Can HIPCs Use Hyper-Incentives?
Hyper-incentive contracts (Menzies 2004) can be used to pursue humanitarian goals (providing a safety net) while allowing creditors to offer innovative repayment friendly contracts to debtors (eliminating a debt overhang). Both the contract of Krugman (1988) and the hyper-incentive contract are illustrated with some calculations based on current Highly Indebted Poor Countries (HIPCs). The outcomes for the two contracts are similar, but the twelve countries examined could each benefit by an average amount of $US2002100 million under a hyper-incentive contract
References listed on IDEAS
Please report citation or reference errors to , or , if you are the registered author of the cited work, log in to your RePEc Author Service profile, click on "citations" and make appropriate adjustments.:
- Eaton, Jonathan, 1992.
"Sovereign debt : a primer,"
Policy Research Working Paper Series
855, The World Bank.
- Jonathan Eaton, 1991. "Sovereign Debt: A Primer," Boston University - Institute for Economic Development 21, Boston University, Institute for Economic Development.
- Krugman, Paul, 1988.
"Financing vs. forgiving a debt overhang,"
Journal of Development Economics,
Elsevier, vol. 29(3), pages 253-268, November.
- Fernandez-Ruiz, Jorge, 1996. "Debt and incentives in a dynamic context," Journal of International Economics, Elsevier, vol. 41(1-2), pages 139-151, August.
- Giovanni Dell'Ariccia & Tito Cordella, 2002.
"Limits of Conditionality in Poverty Reduction Programs,"
IMF Working Papers
02/115, International Monetary Fund.
- Tito Cordella & Giovanni Dell'Aricca, 2002. "Limits of Conditionality in Poverty Reduction Programs," IMF Staff Papers, Palgrave Macmillan, vol. 49(Special i), pages 68-86.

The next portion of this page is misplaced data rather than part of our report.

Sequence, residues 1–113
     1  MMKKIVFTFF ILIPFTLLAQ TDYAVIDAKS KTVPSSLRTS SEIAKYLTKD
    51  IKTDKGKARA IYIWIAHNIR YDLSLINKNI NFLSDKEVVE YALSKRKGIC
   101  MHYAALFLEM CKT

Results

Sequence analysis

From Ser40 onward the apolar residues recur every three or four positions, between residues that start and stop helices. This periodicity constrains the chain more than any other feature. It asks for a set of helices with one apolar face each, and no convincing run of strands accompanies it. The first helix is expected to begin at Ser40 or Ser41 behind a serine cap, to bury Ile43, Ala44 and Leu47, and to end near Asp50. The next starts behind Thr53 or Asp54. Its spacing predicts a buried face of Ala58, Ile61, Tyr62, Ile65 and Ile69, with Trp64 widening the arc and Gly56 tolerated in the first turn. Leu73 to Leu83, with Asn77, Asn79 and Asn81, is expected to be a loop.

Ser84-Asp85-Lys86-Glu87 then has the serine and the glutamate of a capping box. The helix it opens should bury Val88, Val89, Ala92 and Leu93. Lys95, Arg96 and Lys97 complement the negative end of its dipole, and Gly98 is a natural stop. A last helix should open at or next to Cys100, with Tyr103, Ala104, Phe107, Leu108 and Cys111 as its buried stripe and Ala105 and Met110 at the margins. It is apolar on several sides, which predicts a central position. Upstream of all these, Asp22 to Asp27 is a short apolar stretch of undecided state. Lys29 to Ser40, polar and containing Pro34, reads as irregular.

When requesting a correction, please mention this item's handle: RePEc:ags:reapec:50012. See general information about how to correct material in RePEc.
For technical questions regarding this item, or to correct its authors, title, abstract, bibliographic or download information, contact: (AgEcon Search)
If you have authored this item and are not yet registered with RePEc, we encourage you to do it here. This allows to link your profile to this item. It also allows you to accept potential citations to this item that we are uncertain about.
If references are entirely missing, you can add them using this form.
If the full references list an item that is present in RePEc, but the system did not link to it, you can help with this form.
If you know of missing items citing this one, you can help us creating those links by adding the relevant references in the same way as above, for each refering item. If you are a registered author of this item, you may also want to check the "citations" tab in your profile, as there may be some citations waiting for confirmation.
Please note that corrections may take a couple of weeks to filter through the various RePEc services.